We’re delighted that Rachael Dodgson, CEO of our member, Dimensions, shared this article with us where she documented a week spent as a support worker in London.
A couple of weeks ago I spent a full week working shifts as a support worker in London. It wasn’t because we were short staffed – it was because I wanted to remind myself exactly what the job of a support worker entails. I have been a support worker before, but not for almost 30 years. I tell anyone who’ll listen that being a support worker is a skilled, professional, varied and complex role – and I wanted to reaffirm that to myself.
I prepared carefully for my week. I made sure I was up to date with all my essential training, undertook the Care Certificate (not easy!), had a fresh DBS and familiarised myself with all the support guidance for the person I’d be supporting.
I was supporting a wonderful young man (Vivek) who has a very active and busy life, as well as having his own flat, and all the domestic chores that go with that. It’s been a long time since I’ve worked shifts and I found the late finishes and early starts tricky – but thousands of our colleagues do that all the time.
Vivek lives in a block of flats where other people are also supported. The team that I worked with made me very welcome and were happy to show me the ropes. I was mindful of how it might feel for them to have the CEO there for a week. But I was clear from the start that I wasn’t there to judge, I was there to learn, and for that week I wasn’t the CEO – I was a support worker just like them.
Throughout my week I couldn’t help but reflect on what’s changed in support work in the 30 years since I was one. On the plus side, I noticed how much Vivek was a part of his local community. Every time we went out together someone from the neighbouring streets would stop by to say hello and have a chat, and he was welcomed into local shops and businesses where people clearly knew him well and were pleased to see him. That felt very different to life 30 years ago – I remember overt discrimination towards people with learning disabilities was rife. I’m not saying it doesn’t exist anymore – sadly I know it does, but looking through my Vivek-shaped window was hugely positive and that allowed me to celebrate the progress we’ve made.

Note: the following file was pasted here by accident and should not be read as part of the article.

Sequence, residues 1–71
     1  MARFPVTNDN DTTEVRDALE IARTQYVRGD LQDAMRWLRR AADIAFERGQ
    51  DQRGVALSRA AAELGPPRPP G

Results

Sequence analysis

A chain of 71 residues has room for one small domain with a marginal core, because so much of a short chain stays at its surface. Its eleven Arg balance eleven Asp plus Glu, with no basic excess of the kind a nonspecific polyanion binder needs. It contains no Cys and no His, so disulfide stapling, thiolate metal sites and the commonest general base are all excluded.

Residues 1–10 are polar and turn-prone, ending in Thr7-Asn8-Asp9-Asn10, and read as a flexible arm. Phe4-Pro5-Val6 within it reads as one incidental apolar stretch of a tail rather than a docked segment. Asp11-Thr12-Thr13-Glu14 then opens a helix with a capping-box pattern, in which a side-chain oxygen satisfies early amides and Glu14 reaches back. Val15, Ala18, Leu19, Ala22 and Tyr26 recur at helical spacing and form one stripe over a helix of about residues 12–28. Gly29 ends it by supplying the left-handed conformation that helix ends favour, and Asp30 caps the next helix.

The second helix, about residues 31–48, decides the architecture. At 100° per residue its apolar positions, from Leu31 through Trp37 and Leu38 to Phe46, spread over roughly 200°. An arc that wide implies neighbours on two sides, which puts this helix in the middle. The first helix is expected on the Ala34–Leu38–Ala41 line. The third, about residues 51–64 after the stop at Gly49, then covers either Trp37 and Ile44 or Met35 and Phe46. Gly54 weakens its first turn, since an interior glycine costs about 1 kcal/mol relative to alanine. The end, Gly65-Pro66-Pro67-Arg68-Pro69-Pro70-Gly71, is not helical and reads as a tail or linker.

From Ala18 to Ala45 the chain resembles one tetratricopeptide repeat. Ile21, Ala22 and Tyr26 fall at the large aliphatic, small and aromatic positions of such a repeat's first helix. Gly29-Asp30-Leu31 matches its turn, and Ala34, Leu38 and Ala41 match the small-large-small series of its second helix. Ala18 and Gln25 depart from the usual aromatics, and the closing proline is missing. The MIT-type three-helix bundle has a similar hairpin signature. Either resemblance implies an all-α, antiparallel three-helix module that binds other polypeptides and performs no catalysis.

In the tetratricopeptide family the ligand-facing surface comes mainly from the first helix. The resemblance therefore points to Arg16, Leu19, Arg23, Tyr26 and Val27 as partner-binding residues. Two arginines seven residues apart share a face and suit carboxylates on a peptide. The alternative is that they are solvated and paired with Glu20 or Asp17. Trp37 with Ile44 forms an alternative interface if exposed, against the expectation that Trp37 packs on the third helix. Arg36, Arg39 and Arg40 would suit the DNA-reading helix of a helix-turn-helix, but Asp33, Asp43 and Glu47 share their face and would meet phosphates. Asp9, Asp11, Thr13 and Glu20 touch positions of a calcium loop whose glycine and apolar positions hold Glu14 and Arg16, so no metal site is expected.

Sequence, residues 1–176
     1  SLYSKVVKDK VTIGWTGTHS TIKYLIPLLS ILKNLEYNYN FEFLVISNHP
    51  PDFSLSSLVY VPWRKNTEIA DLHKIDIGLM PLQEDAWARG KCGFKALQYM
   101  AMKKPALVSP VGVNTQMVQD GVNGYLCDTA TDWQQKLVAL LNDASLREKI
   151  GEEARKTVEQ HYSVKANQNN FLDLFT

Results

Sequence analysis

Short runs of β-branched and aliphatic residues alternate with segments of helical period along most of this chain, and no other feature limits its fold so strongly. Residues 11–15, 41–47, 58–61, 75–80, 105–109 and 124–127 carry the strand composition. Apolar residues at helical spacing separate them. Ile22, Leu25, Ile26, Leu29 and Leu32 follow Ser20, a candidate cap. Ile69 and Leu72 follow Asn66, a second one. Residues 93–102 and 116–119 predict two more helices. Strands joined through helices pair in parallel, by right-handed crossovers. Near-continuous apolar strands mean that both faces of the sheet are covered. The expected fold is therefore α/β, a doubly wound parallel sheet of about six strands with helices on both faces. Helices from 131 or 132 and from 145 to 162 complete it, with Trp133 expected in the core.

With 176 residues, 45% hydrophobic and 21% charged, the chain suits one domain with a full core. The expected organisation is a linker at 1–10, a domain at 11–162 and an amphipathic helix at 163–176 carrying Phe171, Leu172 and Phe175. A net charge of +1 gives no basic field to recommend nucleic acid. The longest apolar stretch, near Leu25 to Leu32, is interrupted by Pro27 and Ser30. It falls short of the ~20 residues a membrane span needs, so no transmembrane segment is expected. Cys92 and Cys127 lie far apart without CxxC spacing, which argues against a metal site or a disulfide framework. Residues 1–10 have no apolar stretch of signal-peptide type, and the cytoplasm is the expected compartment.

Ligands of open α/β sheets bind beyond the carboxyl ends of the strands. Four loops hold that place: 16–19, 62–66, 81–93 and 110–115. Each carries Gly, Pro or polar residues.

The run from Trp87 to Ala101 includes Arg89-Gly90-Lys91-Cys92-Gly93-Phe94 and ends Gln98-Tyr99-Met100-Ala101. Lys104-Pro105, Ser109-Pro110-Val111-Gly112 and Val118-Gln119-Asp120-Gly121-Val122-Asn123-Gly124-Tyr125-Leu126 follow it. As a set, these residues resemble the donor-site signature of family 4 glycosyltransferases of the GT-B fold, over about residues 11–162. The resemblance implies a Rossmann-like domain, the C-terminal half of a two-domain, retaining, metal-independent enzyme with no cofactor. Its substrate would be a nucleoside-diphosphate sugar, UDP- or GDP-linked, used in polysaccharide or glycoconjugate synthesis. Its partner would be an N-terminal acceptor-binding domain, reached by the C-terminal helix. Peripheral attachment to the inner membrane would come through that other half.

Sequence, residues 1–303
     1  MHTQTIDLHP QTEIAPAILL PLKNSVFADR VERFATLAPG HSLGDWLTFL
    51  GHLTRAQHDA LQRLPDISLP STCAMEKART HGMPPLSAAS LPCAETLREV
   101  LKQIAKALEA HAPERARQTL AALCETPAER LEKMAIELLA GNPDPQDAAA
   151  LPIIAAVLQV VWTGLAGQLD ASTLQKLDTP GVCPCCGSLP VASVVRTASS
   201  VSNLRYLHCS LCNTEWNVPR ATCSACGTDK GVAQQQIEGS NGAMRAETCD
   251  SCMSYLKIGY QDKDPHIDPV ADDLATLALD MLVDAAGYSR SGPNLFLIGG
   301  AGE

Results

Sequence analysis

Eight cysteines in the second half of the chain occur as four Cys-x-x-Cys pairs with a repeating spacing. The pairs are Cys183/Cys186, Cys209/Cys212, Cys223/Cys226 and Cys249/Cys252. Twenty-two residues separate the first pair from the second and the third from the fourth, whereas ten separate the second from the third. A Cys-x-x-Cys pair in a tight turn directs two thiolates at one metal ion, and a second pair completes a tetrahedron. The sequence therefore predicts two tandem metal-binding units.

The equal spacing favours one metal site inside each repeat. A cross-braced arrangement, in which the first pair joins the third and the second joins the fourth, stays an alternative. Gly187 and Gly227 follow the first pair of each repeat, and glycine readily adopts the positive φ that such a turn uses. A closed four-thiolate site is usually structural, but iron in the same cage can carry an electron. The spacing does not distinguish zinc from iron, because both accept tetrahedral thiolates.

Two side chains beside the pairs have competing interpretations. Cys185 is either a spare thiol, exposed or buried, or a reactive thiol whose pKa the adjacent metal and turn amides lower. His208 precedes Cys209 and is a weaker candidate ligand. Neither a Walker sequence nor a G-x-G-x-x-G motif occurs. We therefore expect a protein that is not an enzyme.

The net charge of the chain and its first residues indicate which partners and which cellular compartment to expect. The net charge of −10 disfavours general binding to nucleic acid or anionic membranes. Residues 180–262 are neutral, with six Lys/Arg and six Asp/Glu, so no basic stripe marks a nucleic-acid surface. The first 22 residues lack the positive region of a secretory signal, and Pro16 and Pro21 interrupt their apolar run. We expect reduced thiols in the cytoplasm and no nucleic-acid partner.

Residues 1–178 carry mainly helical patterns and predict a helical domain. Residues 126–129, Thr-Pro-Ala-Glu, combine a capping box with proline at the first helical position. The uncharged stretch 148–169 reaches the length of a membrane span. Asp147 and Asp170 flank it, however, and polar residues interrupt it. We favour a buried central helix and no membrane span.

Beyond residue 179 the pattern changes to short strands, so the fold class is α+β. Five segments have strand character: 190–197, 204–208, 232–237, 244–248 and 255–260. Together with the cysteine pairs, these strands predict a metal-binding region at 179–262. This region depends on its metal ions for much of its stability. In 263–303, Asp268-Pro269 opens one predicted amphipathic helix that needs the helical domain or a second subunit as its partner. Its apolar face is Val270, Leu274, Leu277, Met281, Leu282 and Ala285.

Person Centred Active Support (PCAS) is embedded in how we work here in Dimensions, and I did lots of that during my week as a support worker. This made me reflect on how differently people live now – 30 years ago I was working in much larger residential homes where staff, not residents did the cooking and the laundry. Finally, I reflected on how much more documentation there is to complete, and IT systems to get used to.
When I returned home from my last shift of the week, I felt quite emotional for several reasons.
I reflected on what a wonderful week I had. I felt I’d connected with so many people during my week and it was sad to say goodbye. But the biggest thing that made me feel emotional was saying goodbye to Vivek (although I’ve promised to stay in touch).
So, would I do it again? Absolutely – I’ve made a commitment to do this for a week every year, although I’ll go to different places each time.
To anyone else who’s a CEO or senior manager reading this, I’d encourage you to do the same thing. I’m sure like me you make regular visits to the people you support and your colleagues, but that is no substitute for immersing yourself into the role of a support worker for a week. I have no doubt you’ll have a wonderful and thought-provoking week, just like I did. And if you’re a journalist or politician reading this, why not find a local support provider and ask to do some shadowing? You might just have a life-changing experience.